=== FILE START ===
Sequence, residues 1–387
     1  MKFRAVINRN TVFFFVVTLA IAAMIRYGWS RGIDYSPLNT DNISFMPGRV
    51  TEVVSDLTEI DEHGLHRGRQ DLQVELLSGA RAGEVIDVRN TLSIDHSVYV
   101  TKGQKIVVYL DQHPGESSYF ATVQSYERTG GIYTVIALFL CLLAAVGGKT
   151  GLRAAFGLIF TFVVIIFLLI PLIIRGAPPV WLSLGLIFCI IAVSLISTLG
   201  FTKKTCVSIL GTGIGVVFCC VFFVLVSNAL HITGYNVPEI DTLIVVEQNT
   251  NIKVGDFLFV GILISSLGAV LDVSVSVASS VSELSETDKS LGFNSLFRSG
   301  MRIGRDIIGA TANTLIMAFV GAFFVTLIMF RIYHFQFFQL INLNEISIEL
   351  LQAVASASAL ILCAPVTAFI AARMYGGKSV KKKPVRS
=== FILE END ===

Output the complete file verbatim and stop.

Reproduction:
Sequence, residues 1–387
     1  MKFRAVINRN TVFFFVVTLA IAAMIRYGWS RGIDYSPLNT DNISFMPGRV
    51  TEVVSDLTEI DEHGLHRGRQ DLQVELLSGA RAGEVIDVRN TLSIDHSVYV
   101  TKGQKIVVYL DQHPGESSYF ATVQSYERTG GIYTVIALFL CLLAAVGGKT
   151  GLRAAFGLIF TFVVIIFLLI PLIIRGAPPV WLSLGLIFCI IAVSLISTLG
   201  FTKKTCVSIL GTGIGVVFCC VFFVLVSNAL HITGYNVPEI DTLIVVEQNT
   251  NIKVGDFLFV GILISSLGAV LDVSVSVASS VSELSETDKS LGFNSLFRSG
   301  MRIGRDIIGA TANTLIMAFV GAFFVTLIMF RIYHFQFFQL INLNEISIEL
   351  LQAVASASAL ILCAPVTAFI AARMYGGKSV KKKPVRS